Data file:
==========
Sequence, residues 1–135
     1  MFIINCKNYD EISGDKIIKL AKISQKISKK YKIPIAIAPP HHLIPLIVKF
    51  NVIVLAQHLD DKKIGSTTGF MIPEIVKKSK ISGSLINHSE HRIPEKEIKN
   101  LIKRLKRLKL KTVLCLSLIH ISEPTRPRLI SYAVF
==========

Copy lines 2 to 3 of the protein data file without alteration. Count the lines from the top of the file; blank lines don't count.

     1  MFIINCKNYD EISGDKIIKL AKISQKISKK YKIPIAIAPP HHLIPLIVKF
    51  NVIVLAQHLD DKKIGSTTGF MIPEIVKKSK ISGSLINHSE HRIPEKEIKN